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Helmsley Hotel Owners Facing Tax Indictments

April 14, 1988|EILEEN V. QUIGLEY | Times Staff Writer

NEW YORK — Harry and Leona Helmsley, the billionaire baron and baroness of the New York hotel business, are expected to be indicted today on charges of income tax evasion, their lawyers said Wednesday.

"The allegations in the indictments expected to be announced on Thursday are completely groundless and grossly unfair to the Helmsleys, who have earned outstanding reputations for honesty and integrity in all their dealings," said a statement issued by a New York public relations firm on behalf of the Helmsleys' lawyers, Stephen E. Kaufman and Gerald A. Feffer.

"The Helmsleys have paid more taxes to the government over the years than practically any other individual in this city or country," the statement said. "In the last five years alone they have paid more than $250 million in taxes and given over $35 million in charity."

The couple were said to be returning to New York from Barbados to face the charges.

Harry Helmsley, 80, rose from his $12-a-week position as an office boy to become the largest private property owner in Manhattan. His holdings were estimated in 1981 to be between $3 billion and $5 billion. He reportedly owns at least seven Manhattan hotels with a total of 4,500 rooms, as well as real estate on Biscayne Bay, Fla., and in Chicago, Detroit, Houston and San Francisco.

He married realtor Leona Roberts when he was 63 years old. She became his business partner and president of their hotel business.

The indictments are expected to accuse the Helmsleys of allegedly diverting millions of dollars from their Helmsley hotel chain and offices to pay for renovation of their mansion, Dunellen Hall, in Greenwich, Conn., and then writing the expenses off as tax deductions, according to United Press International.

Also expected to be named in the indictments are Frank Turco, a former top aide to Leona Helmsley, and Joseph Licari, formerly chief financial officer of Helmsley Enterprises. They allegedly helped alter and bury the hotel funding transfers through complicated paper transactions, according to published reports.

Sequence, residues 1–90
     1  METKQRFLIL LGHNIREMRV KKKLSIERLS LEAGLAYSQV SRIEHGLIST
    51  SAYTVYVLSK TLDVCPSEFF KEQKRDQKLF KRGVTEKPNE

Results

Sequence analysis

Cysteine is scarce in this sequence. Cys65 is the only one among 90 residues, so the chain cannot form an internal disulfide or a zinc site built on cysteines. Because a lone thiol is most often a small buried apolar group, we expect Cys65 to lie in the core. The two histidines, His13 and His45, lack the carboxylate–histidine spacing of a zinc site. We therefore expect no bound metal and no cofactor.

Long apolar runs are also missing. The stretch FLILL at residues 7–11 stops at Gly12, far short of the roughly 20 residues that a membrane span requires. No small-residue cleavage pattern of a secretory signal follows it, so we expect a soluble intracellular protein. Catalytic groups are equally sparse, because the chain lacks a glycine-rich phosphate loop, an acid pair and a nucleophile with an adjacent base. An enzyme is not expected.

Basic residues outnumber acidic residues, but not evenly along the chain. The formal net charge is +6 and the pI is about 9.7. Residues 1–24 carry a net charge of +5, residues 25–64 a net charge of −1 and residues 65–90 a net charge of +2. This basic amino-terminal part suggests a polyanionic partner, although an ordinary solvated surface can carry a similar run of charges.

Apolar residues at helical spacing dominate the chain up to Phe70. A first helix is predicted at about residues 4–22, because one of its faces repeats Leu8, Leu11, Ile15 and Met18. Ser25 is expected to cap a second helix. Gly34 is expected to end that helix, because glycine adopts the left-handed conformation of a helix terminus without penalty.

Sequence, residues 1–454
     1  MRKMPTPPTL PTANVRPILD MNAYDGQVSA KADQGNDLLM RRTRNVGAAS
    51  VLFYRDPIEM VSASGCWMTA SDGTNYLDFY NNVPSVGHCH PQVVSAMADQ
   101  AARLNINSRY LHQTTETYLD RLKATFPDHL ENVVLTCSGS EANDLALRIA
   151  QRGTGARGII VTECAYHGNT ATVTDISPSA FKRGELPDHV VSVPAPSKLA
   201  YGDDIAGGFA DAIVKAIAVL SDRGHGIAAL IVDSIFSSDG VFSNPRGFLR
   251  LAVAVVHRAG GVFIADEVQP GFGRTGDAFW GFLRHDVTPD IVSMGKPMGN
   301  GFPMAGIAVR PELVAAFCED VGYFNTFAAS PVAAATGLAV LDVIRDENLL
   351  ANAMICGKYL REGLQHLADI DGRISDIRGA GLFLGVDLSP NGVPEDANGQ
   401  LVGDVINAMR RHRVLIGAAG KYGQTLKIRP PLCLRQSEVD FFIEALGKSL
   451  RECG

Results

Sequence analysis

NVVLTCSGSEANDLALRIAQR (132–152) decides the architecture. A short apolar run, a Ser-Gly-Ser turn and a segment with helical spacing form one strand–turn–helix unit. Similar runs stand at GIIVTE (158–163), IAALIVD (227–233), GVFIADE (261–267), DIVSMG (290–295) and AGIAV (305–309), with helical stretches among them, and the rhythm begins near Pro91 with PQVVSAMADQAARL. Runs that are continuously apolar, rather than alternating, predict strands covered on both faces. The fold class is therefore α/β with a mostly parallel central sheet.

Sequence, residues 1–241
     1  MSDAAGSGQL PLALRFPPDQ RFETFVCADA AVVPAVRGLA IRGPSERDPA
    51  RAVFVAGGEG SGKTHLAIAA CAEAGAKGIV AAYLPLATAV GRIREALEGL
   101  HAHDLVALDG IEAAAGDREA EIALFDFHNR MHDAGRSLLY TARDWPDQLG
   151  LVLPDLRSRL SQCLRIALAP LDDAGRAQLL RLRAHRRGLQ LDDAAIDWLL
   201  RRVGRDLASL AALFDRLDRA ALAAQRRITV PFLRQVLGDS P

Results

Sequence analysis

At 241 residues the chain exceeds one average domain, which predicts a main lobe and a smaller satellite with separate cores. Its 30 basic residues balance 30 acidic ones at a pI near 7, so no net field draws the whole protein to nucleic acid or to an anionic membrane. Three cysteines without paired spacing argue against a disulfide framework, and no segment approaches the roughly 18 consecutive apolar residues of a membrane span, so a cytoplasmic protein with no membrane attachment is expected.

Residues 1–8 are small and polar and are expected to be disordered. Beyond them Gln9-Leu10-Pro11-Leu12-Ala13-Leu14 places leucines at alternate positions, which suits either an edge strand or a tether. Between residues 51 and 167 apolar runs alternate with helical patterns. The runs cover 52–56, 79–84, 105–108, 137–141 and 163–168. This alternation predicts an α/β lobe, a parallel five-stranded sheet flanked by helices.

"I hear that he is getting indicted. I've read it," said Licari's attorney, Lawrence S. Goldman of the New York law firm of Goldman & Hafetz. "If Mr. Licari is indicted, he will plead not guilty and expects ultimately to be totally vindicated."

Turco's lawyer, William Brodsky, did not return calls, but was quoted as saying that his client "has not knowingly engaged in any wrongdoing. He is confident that when all the facts are disclosed in court, he will be fully exonerated."

U.S. Attorney in Manhattan Rudolph W. Giuliani and New York Atty. Gen. Robert Abrams are expected to jointly announce the indictments, the result of a 14-month investigation in which they teamed up with Internal Revenue Service investigators to examine the Helmsleys' business and personal finances. Neither Giuliani's nor Abrams' offices would confirm the impending indictments.

Sources said that as many as 30 Helmsley employees were given immunity to testify before the state and federal grand juries.

They noted that Leona Helmsley was given immunity when she testified before two grand juries that she had bought a $375,000 diamond necklace and a $105,000 platinum and diamond clip at the Van Cleef & Arpels jewelry company and had it shipped out of state to avoid paying sales tax. At the time, only the storekeepers could be charged for the tax evasion scheme. Whatever she said during her testimony cannot be used to prosecute her in the current matter, sources told UPI.

The New York Daily News quoted a law enforcement source as saying that Leona Helmsley, 68, had turned down a plea bargain in which she would have pleaded guilty to business fraud to keep her failing husband from being indicted. Her lawyers declined to comment on the report Wednesday.

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